The DM Minion apps are Game Mastering management apps that have several different screens you can page through to keep track of your campaign: Adventures, Players, Monsters, Encounters, Battle, Camp. The Battle screen for use in an active encounter is very robust and a big sell point, featuring an integrated dice roller and calculator, keeping track of what happens every round which is great for “Wait, did that thing attack me last round? Am I still immobilized?” type questions.

There’s a very nice feature that lets you connect the app to Dropbox and backup/load files you stash there.

DM Minion vs DM Minion Lite – In the free version you can’t import character sheet and monster files from D&D Insider (like .dnd4e), but that’s the only difference.

Player Minion apps work much like KSheet, you load your character sheet and you can spend and gain healing surges/action points/etc with it, there’s an integrated die roller too, it organizes your information beautifully. The benefit it has over KSheet is its better visual appeal and how it turns a tablet into a very well functioning D&D character sheet. This literally feels like you have a futuristic version of a character sheet in your hands, you’re able to see lots of information at once and it’s definitely the best virtual character sheet I’ve seen.

Dice Shaker D&D by Pallosalama ($2.99, Android only): I think this is the most attractive looking one and the most stable. It’s pricey though.

The Dicenomicon by Gandreas Software ($4.99, iTunes only): Very robust and nice looking with an attentive developer, very easy to read dice. Also very pricey! But then how much money do you spend on real dice…?

Even though I’m recommending these, you have to remember that these are my experiences on my various devices. They might very well be unstable on yours, so always try before you buy if you can. I hope this gives you all a good starting point for integrating your tablets and smartphones into your game!


Adriana is an artist living in Seattle working in gaming and doing comics on the side having learned to draw through the use of a montage and cool rock music. She has a small, crappy cat, an intense love for Batman and an open relationship with The Legion of Super-Heroes. She is a thin layer of indifference wrapped around a large nougat of rage and possesses the World Record for holding grudges without letting them touch the floor.


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  1. I still love using Roll20.net for playing online. you don’t have to purchase tiles or tokens via their market, but if can be limiting.

    • Brandon Dingess on

      Some friends and I are playing Tomb of Horors on Roll20. From our experience it’s more than serviceable, but it’s still note quite “there” yet.

      But it handles initiative order, has a built-in roller and lets the DM dole out handouts and reveal dungeon maps. It supports videoconferencing, but it lagged badly for us, so we used the chat function exclusively.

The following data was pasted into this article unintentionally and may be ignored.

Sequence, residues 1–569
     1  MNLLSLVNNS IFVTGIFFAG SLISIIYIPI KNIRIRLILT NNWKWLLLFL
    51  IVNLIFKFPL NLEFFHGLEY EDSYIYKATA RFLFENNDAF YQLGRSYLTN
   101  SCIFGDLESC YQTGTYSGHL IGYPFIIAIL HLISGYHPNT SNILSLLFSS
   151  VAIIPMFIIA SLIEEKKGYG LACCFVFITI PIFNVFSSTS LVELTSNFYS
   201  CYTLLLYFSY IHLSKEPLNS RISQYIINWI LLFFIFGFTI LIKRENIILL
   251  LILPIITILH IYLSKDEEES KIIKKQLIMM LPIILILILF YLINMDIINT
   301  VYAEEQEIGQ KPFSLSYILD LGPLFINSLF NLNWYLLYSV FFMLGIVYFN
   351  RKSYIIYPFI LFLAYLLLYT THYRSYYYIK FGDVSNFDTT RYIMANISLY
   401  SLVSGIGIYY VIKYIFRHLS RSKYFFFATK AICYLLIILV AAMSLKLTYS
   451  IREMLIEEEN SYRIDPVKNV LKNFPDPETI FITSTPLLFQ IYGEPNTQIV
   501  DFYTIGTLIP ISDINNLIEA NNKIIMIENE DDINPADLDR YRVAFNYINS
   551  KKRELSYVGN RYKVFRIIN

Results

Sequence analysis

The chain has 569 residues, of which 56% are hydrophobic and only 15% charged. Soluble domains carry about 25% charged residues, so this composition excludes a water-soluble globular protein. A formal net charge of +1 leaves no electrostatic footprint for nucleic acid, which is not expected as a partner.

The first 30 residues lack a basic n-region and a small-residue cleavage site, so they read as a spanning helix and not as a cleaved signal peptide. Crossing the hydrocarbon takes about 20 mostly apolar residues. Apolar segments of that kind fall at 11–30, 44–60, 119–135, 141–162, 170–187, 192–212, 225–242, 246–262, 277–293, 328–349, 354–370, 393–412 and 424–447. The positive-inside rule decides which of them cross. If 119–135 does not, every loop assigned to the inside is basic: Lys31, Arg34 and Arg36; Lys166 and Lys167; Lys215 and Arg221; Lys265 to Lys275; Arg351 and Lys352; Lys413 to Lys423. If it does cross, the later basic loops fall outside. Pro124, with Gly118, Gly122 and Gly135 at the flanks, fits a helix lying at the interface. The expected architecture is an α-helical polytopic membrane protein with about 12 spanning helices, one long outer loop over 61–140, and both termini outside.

2. I know it is kinda limiting, but I also use Myth-weavers.com to keep my sheet online. It is a free site for pbp gamers, but have been using it to keep my sheets organized.

  3. I’ve been using the DM Minion on my ipad as I run games, and I can definitely recommend it. It really makes running battles and tracking conditions and so on super easy.

  4. Maybe if I practiced more using a computer would help with combat, but I find they just slow me down, and 4th edition combat already goes at a snail’s pace.

    I do use compendium at the table for quick searches for rituals and glossary terms though, it helps speed things up when I don’t have my tabbed DMG or PHB handy

  5. Great article, I’ll certainly have to look into some of the DM centric apps.

    For my character sheet I use a program called doPDF that lets me print something as a .pdf. I use that to print my character sheet and load it onto my Kindle Fire. The Adobe reader app that’s on it allows for drawing and/or writing over top of the .pdf itself. So if I’ve used my action point I’ll just draw a red X over it. This setup has worked fairly well for me at Encounters, although I admit that I usually keep a scrap piece of paper around to at least track hp so I’m not always having to go in and edit whatever is written on the .pdf.

  6. Justin Wawrzonek on

    One of my favorites is iPlay4e. Its a web based app that works on pretty much any device with a web browser. It also allows you to import your D&D character builder sheets into the program for easy editing.

  7. greyhawke115 on

    I really like the K Sheet app on my Android phone. Best character sheet tracker for that small format in my opinion. Roll20 does still need some work, but its the most flexible of the virtual tables. If they add in a way to import your character sheets from DDI, and offer the ability to access it via my Kindle fire, it will be perfect, IMO.

  8. Late to the game here.

    No-one’s heard of Masterplan? Genuinely surprised.


    Adventure toolkit. 4E only. Awesome piece of software. Windows. Free.

    I’ve used it to make encounters, encounter maps, creature stat blocks, artifacts, NPCs, skill challenges… the plot flowchart is a game-changer by itself.